Much is generally made about how the NHS has a different inflation rate from the rest of the economy. Polly has been telling us for years that it needs a 4% rise in the budget each year just to stand still. And it's not obvious that this has to be the case:
Although health has been exempt from the deep cuts that have affected most other Whitehall departments since 2010, the settlements have been nugatory by historical standards. Real spending has risen on average by 4% a year since the mid-1950s. In the 18 years of Conservative rule between 1979 and 1997, it increased by 3% a year. On current plans it will increase by 1.4% a year between 2010 and 2022.
Baumol's Cost Disease comes into play here. As real wages rise then services become more expensive relative to manufactures. And real wages have risen considerably since the 1950s and thus the NHS has become considerably more expensive relative to things that are manufactured. Note that the NHS does pay a little under 50% of its budget in wages.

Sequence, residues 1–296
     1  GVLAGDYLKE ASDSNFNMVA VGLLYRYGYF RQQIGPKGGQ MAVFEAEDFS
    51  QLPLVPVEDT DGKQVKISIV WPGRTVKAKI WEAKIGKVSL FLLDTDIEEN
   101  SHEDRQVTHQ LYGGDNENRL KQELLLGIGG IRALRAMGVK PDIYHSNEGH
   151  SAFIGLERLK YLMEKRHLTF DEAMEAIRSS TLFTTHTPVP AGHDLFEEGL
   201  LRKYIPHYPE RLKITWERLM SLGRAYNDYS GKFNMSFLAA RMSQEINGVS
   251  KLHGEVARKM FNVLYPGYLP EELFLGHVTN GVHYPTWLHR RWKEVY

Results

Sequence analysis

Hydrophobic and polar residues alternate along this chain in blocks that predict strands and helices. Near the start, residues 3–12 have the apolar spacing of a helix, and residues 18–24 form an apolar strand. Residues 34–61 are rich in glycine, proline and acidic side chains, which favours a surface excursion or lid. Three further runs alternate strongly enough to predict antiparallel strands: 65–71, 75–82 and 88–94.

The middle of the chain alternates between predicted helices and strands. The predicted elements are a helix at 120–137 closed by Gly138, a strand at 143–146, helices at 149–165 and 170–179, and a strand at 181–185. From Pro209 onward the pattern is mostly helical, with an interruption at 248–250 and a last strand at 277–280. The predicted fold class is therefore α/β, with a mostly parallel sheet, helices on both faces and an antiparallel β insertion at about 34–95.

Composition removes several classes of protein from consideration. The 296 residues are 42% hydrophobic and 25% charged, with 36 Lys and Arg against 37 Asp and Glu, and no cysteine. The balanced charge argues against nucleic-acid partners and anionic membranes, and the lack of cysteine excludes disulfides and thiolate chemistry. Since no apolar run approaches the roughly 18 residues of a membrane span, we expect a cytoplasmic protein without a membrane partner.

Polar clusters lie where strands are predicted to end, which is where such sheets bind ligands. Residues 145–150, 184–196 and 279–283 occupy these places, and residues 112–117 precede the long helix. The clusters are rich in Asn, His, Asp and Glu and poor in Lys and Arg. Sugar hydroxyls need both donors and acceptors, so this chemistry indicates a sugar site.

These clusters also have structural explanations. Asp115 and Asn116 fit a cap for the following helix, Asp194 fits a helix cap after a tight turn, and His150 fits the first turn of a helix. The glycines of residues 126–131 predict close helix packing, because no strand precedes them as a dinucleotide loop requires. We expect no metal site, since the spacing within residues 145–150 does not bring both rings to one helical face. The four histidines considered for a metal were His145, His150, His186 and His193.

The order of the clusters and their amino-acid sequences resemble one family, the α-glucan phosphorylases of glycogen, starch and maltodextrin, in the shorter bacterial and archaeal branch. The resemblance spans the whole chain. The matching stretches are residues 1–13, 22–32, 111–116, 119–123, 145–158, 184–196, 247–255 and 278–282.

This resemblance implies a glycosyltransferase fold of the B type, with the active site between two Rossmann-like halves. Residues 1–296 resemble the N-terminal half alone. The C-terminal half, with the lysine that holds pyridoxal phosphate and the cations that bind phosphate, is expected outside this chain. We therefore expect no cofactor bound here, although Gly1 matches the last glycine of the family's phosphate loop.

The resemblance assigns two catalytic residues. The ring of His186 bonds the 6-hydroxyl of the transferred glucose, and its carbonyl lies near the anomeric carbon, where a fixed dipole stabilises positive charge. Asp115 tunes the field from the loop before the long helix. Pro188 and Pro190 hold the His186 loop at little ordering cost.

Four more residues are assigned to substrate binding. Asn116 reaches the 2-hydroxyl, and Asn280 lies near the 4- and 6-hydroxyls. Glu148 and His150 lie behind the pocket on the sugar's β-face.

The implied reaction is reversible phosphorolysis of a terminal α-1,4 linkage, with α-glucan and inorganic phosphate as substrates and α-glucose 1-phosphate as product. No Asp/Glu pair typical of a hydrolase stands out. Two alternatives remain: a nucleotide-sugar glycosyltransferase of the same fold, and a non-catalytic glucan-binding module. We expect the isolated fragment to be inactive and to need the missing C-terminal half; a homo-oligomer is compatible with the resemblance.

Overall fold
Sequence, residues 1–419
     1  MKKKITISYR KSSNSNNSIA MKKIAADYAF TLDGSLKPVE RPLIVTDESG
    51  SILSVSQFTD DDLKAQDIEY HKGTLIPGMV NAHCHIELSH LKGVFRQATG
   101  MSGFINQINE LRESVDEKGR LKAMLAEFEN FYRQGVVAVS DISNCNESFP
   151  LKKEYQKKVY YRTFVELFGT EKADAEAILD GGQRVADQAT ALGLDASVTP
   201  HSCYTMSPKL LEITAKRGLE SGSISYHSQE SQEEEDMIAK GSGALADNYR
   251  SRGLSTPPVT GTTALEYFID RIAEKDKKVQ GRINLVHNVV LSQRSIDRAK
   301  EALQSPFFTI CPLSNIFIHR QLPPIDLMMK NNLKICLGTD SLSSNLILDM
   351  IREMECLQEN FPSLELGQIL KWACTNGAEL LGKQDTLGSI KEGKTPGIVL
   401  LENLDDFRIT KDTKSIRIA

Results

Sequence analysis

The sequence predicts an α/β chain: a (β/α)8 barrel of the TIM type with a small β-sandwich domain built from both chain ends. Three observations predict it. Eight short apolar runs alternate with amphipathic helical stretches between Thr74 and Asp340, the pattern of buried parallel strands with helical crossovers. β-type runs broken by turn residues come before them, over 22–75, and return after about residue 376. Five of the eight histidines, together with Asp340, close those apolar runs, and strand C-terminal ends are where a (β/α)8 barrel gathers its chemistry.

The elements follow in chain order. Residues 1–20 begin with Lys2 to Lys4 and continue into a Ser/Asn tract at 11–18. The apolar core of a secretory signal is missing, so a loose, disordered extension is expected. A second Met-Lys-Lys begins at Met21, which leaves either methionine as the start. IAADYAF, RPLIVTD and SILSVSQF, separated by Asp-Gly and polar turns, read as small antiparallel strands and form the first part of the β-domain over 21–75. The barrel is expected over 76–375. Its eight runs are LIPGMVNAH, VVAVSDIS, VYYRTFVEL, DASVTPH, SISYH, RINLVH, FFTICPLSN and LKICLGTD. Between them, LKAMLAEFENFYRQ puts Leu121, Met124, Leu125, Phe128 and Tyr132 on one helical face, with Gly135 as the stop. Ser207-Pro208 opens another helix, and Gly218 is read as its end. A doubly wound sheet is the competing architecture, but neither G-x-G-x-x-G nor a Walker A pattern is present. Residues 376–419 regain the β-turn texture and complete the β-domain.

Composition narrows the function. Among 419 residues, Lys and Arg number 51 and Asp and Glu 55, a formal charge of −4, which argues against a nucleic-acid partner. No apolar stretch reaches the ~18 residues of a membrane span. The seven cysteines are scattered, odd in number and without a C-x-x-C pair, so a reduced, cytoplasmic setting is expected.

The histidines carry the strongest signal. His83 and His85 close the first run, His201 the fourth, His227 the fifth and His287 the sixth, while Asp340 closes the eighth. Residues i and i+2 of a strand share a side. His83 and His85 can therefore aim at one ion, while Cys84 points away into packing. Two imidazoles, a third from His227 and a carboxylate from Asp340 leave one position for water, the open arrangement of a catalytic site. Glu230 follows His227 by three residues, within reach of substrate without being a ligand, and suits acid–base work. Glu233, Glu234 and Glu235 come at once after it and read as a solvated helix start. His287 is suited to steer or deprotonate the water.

We might not be all that happy about this but that's just the way this flavour of the universe works. But as Larry Elliott also tells us:
The recovery from the deep slump of 2008-09 has been the weakest in living memory. There has been no productivity growth and wages are lower than 10 years ago.
We've not had real wage growth for a decade. Thus the NHS should not be having a higher inflation rate as driven by the Cost Disease, correct?
That is, when real wages are growing strongly perhaps the NHS does have that higher budget growth rate, but when they're not it shouldn't.